Understanding spam detection
A spam detector is software that runs on the mail server or our local computer and checks the inbox to detect possible spam. As with traditional letterboxes, an inbox is a destination for electronic mail messages. Generally, any spam detector has unhindered access to this repository and can perform tens, hundreds, or even thousands of checks per day to decide whether an incoming email is spam or not. Fortunately, spam detection is a ubiquitous technology that filters out irrelevant and possibly dangerous electronic correspondence.
How would you implement such a filter from scratch? Before exploring the steps together, look at a contrived (and somewhat naive) spam email message in Figure 2.1. Can you identify some key signs that differentiate this spam from a non-spam email?
Even before reading the content of the message, most of you can immediately identify the scam from the email’s subject field and decide not to open it in the first place. But let’s consider a few signs (coded as
T4) that can indicate a malicious sender:
T1– The text in the subject field is typical for spam. It is characterized by a manipulative style that creates unnecessary urgency and pressure.
T2– The message begins with the phrase Dear MR tjones. The last word was probably extracted automatically from the recipient’s email address.
T3– Bad spelling and the incorrect use of grammar are potential spam indicators.
T4– The text in the body of the message contains sequences with multiple punctuation marks or capital letters.
We can implement a spam detector based on these four signs, which we will hereafter call triggers. The detector classifies an incoming email as spam if T1, T2, T3, and T4 are True simultaneously. The following example shows the pseudocode for the program:
IF (subject is typical for spam) AND IF (message uses recipients email address) AND IF (spelling and grammar errors) AND IF (multiple sequences of marks-caps) THEN print("It's a SPAM!")
It’s a no-brainer that this is not the best spam filter ever built. We can predict that it blocks legitimate emails and lets some spam messages escape uncaught. We have to include more sophisticated triggers and heuristics to improve its performance in terms of both types of errors. Moreover, we need to be more specific about the cut-off thresholds for the triggers. For example, how many spelling errors (T3) and sequences (T4) make the relevant expressions in the pseudocode True? Is T3 an appropriate trigger in the first place? We shouldn’t penalize a sender for being bad at spelling! Also, what happens when a message includes many grammar mistakes but contains few sequences with capital letters? Can we still consider it spam? To answer these questions, we need data to support any claim. After examining a large corpus of messages annotated as spam or non-spam, we can safely extract the appropriate thresholds and adapt the pseudocode.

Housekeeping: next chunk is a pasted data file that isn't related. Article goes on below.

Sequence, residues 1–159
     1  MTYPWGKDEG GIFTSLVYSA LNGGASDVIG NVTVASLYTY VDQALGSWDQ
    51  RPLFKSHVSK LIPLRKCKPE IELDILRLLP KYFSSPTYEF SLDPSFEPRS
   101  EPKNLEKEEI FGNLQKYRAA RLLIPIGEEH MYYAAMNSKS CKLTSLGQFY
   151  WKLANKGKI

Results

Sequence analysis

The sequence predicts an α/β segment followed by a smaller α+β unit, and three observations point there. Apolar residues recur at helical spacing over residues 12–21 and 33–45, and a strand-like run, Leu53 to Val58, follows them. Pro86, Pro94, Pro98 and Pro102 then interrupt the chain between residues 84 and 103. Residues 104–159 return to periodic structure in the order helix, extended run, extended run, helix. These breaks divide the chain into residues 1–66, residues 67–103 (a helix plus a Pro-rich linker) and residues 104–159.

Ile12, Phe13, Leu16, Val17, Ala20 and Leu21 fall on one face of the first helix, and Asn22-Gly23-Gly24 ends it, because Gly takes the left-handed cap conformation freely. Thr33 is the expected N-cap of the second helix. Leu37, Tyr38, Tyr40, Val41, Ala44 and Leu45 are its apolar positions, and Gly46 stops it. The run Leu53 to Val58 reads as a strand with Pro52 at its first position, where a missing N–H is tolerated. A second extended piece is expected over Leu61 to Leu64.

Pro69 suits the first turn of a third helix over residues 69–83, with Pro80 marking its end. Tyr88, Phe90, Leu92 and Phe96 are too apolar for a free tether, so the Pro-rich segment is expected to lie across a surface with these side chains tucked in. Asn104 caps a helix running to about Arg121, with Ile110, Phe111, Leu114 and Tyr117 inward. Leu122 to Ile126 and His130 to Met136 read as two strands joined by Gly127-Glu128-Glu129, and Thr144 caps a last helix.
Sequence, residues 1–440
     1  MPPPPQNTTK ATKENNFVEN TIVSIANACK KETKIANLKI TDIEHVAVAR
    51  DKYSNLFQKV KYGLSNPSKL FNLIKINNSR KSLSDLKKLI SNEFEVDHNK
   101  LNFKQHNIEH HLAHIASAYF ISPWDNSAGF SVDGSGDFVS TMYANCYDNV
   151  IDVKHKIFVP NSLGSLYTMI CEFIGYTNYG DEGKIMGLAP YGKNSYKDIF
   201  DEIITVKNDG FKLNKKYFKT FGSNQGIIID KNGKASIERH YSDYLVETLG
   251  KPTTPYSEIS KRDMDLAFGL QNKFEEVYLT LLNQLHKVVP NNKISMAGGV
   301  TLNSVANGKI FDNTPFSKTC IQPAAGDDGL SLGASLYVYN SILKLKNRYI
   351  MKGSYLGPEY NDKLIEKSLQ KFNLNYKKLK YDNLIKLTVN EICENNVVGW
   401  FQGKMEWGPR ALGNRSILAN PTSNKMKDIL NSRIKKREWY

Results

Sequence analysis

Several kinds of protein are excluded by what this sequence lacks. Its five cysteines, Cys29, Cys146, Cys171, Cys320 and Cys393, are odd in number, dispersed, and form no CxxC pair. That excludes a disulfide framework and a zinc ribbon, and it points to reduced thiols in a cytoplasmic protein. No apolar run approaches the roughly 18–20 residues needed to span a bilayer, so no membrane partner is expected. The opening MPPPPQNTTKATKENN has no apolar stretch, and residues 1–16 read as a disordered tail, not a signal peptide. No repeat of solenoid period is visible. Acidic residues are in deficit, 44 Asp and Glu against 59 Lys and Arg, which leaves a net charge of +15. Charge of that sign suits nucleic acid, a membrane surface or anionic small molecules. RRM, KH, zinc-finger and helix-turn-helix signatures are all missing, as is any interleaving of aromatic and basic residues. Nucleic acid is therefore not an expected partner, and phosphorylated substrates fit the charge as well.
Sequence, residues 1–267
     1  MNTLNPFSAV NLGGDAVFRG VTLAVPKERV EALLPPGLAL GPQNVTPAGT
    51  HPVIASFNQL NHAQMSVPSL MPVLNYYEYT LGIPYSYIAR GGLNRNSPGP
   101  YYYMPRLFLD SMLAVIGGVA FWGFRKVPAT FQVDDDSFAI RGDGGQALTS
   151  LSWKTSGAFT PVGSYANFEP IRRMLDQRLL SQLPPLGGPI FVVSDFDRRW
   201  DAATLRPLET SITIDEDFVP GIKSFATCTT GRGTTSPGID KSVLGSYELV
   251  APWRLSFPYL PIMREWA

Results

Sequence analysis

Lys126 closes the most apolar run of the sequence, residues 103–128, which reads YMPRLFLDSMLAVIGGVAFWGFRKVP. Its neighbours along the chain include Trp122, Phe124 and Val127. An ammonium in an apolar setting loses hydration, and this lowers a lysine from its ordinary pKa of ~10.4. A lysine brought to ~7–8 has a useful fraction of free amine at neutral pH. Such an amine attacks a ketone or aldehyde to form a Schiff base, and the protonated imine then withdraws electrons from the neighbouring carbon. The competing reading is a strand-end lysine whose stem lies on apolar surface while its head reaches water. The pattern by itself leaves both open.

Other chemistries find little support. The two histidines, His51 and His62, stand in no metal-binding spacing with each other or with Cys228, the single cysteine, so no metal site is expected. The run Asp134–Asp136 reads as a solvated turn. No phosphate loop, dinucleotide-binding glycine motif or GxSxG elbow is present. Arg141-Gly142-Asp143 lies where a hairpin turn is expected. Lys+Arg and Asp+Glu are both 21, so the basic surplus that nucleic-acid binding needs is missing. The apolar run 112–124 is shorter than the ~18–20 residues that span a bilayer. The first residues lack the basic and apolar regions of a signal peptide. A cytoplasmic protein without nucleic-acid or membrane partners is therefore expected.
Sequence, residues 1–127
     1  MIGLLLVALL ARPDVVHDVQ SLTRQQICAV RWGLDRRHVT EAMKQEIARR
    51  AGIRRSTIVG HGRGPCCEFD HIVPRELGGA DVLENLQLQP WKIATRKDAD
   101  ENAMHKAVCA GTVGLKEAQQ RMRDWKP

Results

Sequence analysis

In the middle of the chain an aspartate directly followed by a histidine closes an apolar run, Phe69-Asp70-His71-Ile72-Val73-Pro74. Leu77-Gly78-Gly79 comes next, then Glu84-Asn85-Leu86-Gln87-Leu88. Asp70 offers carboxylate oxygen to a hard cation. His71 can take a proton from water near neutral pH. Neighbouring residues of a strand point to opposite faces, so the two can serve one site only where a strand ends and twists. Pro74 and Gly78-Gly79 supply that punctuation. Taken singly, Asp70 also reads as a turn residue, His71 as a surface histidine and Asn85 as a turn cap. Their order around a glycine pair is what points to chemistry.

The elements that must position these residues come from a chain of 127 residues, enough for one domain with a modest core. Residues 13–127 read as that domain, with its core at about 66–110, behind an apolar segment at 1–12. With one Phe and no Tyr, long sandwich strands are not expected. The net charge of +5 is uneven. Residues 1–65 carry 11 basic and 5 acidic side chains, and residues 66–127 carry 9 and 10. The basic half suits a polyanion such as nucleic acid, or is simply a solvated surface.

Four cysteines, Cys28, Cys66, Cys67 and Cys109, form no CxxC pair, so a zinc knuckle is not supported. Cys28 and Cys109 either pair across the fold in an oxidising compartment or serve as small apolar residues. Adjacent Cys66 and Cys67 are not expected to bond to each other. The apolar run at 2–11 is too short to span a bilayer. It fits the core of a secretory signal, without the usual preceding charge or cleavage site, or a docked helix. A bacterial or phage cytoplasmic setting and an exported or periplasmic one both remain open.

Can you think of another criterion? What about examining the message’s body and checking whether certain words appear more often? Intuitively, those words can serve as a way to separate the two types of emails. An easy way to perform this task is to visualize the body of the message using word clouds (also known as tag clouds). With this visualization technique, recurring words in the dataset (excluding articles, pronouns, and a few other cases) appear larger than infrequent ones.
One possible implementation of word clouds in Python is the
word_cloud module (https://github.com/amueller/word_cloud). For example, the following code snippet presents how to load the email shown in Figure 2.1 from the
spam.txt text file (https://github.com/PacktPublishing/Machine-Learning-Techniques-for-Text/tree/main/chapter-02/data), make all words lowercase, and extract the visualization: